A recent NCURA training focused on the questions and intricacies research administrators face each time they work with institutional base salary. Sarah T. Axelrod, the Assistant Vice President for Harvard’s Office for Sponsored Programs, gave a presentation that outlined the elements essential for understanding an institutional base salary. Since the establishment, tracking, and fulfillment of salaries involves a wide range of people including those in sponsored programs offices, departments, and faculty affairs, it is important that everyone involved be competent on the topic.
Institutional Base Salary: Defining and Tracking
Institutional base salary is the annual compensation a faculty member receives for his or her work at a university. It is set in the annual appointment letter, and is used as the basis for the salary to be charged on federal awards. A faculty member may have more than one appointment letter, each reflecting a different position. One letter may relate to the duties performed as a department director, while the other outlines the responsibilities and salary components for the faculty member’s regular daily work. The total institutional base salary is comprised of the sum of all the figures expressed throughout an individual’s various appointment letters.
Therefore, proper effort reporting and tracking becomes imperative. Many universities allow their faculty members to spend part of their work week on projects separate from their institution. These activities are not covered on an institutional base salary. However, the salaries are based on 100% effort. Thus, even if the faculty spends 20% of his or her week on projects under another organization, this time is not part of the 100% effort attributed to the institutional base salary. Additionally, a faculty member must ensure he or she does not perform over 100% institutional effort, as this would cause compensation to exceed the predetermined salary rate. To accurately monitor and report all of these factors and salaries it is crucial that an institution invests in an effort certification software. This software can produce required reports, such as Faculty Effort Certifications, that are often requested by the appropriate federal auditing agency. A robust software system will interface with an organization’s ERP and payroll systems and be accessible to all departments and staff members.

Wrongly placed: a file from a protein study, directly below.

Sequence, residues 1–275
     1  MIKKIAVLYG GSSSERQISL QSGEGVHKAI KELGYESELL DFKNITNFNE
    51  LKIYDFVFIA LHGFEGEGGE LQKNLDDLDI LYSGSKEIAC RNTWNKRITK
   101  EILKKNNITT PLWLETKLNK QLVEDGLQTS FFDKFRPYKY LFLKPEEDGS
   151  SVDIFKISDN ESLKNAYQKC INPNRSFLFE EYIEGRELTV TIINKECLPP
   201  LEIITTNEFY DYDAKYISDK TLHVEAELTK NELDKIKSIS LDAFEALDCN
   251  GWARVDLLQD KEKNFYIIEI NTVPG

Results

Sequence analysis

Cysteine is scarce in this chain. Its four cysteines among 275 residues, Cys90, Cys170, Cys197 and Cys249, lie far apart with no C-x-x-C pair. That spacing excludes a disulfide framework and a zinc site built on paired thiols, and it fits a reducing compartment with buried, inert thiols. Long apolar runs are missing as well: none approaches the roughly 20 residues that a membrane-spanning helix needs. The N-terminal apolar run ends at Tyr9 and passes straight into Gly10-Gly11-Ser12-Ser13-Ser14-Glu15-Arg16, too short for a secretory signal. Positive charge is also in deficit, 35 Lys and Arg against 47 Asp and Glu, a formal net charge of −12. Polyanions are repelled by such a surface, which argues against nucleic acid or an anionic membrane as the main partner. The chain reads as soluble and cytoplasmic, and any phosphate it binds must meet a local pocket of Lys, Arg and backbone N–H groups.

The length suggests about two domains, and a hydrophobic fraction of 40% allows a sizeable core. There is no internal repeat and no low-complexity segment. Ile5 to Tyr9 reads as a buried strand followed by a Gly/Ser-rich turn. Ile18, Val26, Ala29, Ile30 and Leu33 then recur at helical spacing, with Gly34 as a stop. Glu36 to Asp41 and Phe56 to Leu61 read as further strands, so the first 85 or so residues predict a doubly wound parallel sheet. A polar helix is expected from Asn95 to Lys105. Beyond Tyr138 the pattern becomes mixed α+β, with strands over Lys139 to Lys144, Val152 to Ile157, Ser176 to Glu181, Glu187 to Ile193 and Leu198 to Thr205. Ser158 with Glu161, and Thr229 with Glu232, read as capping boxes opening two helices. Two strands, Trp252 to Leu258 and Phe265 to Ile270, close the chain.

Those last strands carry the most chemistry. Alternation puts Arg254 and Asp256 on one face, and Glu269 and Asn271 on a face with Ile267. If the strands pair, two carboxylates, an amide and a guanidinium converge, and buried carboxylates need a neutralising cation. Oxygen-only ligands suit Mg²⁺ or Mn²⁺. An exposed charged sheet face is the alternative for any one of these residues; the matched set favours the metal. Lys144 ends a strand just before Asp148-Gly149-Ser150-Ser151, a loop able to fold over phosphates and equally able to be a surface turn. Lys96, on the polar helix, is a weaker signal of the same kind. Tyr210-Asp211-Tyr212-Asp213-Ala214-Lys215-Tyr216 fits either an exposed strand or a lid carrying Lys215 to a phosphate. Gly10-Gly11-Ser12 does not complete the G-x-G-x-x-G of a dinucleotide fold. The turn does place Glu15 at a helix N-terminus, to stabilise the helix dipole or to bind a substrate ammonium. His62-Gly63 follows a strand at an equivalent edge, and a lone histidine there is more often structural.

Institutional Base Salary: What’s Included
Once an institution’s staff has an understanding of how the base salary is defined and tracked they can begin to differentiate between which elements are covered and which are not. The institutional base salary encompasses the earnings from research, teaching, administration, and guaranteed clinical pay. This “regular” salary component can operate on a twelve month track or a nine month track. The nine month cycle tends to be more difficult to regulate, and may lead to a summer salary piece being included in the institutional base salary rate. Typically the only time a base salary will change is at the beginning of a fiscal year, or if there is a substantial development such as a faculty member changing from part to full time, or taking on a new role such as department director.
Institutional Base Salary: What’s Excluded
While the institutional base salary compensates quite a few responsibilities, there are certain fields that are explicitly excluded. Bonuses and one time payments are not included in institutional base salary. Neither are incentives, particularly the incentive portion of clinical hours. Payments from outside organizations for work that does not factor into the 100% effort are separate from the base salary. This can include institutions such as a veterans’ hospital or a medical institution. If there is a question as to whether a particular payment is included in a base salary the latest Uniform Guidance documentation can often provide clear direction.
Ensuring everyone has a clear understanding of base salaries and installing a user friendly effort certification system will allow for better financial and grant management practices across the institution. For more information on how to find the software system that best fits an organization’s needs, contact the IT Works team today.